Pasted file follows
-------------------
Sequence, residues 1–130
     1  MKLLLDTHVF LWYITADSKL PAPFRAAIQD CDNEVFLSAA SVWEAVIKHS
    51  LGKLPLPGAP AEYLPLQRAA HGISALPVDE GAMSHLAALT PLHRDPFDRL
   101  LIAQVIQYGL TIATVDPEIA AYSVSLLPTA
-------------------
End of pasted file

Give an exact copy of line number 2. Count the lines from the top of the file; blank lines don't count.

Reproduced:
     1  MKLLLDTHVF LWYITADSKL PAPFRAAIQD CDNEVFLSAA SVWEAVIKHS